The global financial crisis has highlighted significant imbalances in the modern developmental pattern of many states. It has become a test for the global political and economic system, for the old and new regional centres of power. In this context, many countries have started to look around...

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Russia-India-China: Acting in Concert in Southeast Asia?

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pp. 90-96

The concept of a Russia-India-China (RIC) “strategic triangle” as an arrangement that may add stability and credibility to the post-Cold War system of international relations has quite a few supporters among Russian academics. Looking at the origins of the idea, some point to the works of...

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The South China Sea Issue: A View from Russia

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pp. 97-109

Attempts to mitigate the conflict potential of the multilateral territorial dispute in the South China Sea area have been quite numerous, varying in purpose, scale and character. The assessments of their results range from deeply pessimistic to cautiously optimistic, with some of the criticism generated, as...

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Southeast Asia and Russia: Forging a New Regional Architecture

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pp. 110-123

Global political changes and regional geopolitical accommodations have had a profound impact on Southeast Asia-Russia relations. The various states of Southeast Asia have had different experiences in their relationship with Russia, especially under the Soviet Union; there was an...

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Russia-ASEAN Relations: An Indian Perspective

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pp. 124-133

The twenty-first-century economic order is driven by globalization, which has had a profound impact on every country of the world, be it landlocked, coastal or adjoining the polar regions, resulting in greater access to global markets. Most countries are experiencing high growth rates largely driven...

SECTION III: Bilateral Relations

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What Singapore May Offer to Russia? The Present State and the Prospects of Relations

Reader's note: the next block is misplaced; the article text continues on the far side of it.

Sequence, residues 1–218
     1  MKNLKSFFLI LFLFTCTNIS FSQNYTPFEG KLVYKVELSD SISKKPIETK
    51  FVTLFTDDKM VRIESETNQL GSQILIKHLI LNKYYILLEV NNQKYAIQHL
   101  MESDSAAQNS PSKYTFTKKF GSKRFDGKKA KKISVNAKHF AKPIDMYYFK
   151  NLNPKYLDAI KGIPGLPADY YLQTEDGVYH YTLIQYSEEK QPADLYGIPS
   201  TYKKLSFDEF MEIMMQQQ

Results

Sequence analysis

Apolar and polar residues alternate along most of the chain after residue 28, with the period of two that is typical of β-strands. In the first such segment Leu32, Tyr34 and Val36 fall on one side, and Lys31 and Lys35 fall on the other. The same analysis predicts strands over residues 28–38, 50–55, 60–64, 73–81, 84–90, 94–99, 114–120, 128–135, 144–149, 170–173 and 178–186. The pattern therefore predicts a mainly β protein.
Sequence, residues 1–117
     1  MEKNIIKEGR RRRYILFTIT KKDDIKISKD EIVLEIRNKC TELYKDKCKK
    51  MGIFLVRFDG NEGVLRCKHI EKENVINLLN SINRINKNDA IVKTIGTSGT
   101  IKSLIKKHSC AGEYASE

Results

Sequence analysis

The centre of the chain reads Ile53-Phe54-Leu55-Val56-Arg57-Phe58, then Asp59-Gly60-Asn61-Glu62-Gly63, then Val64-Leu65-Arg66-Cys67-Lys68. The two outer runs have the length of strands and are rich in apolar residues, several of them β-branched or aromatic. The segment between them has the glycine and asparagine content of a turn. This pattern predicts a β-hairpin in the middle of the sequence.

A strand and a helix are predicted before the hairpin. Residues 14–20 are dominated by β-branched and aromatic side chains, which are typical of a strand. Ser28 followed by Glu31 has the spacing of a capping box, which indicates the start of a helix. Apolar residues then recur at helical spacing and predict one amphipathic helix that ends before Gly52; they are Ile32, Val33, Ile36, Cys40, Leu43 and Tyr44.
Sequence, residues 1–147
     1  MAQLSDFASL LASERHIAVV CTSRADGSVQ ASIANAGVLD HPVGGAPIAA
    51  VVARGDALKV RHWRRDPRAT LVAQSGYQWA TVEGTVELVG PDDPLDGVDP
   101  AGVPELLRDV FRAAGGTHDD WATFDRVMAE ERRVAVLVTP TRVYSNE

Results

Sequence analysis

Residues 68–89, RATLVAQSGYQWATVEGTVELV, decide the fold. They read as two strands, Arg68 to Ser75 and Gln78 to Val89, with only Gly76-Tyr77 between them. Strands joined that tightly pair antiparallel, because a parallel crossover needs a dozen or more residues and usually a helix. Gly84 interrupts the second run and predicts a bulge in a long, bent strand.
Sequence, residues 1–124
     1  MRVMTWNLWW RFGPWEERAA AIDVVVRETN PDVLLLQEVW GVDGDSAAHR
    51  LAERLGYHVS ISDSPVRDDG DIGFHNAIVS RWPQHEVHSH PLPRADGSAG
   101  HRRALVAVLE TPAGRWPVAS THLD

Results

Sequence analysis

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pp. 137-149

Singapore is important to any study of governance now, in Asia and the West, partly because it does some things very well — such as in education — and because there is an emerging theory about a superior Asian model of government, which is simplified in four parts...

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Myanmar-Russia Relations in a Changing World: Growing Ties based on Strategic Partnership and Economic Prospects

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pp. 150-155

Myanmar and Russia are separated by oceans and continents. Notwithstanding the geographic distance, the two countries have developed close relations based on mutual understanding, economic opportunity and strategic considerations. From the time they established diplomatic relations on...

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Russian-Myanmar Relations

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pp. 156-159

Bilateral relations between Russia and Myanmar have more than sixty years of history. These have been positive relations. Russians never came to Myanmar as conquerors and never had any conflicts or controversies with Myanmar. For the last twenty years, Russia, along with the Association of Southeast...

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Russia-Thailand Relations: Historical Background and Contemporary Developments

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pp. 160-172

One can generally say that Russia and Thailand have friendly relations based on mutual respect. Despite the geographical remoteness, both states have a long tradition of interaction. It is a well known fact that amicable relations between Emperor Nicholas II and King Chulalongkorn (Rama V) helped...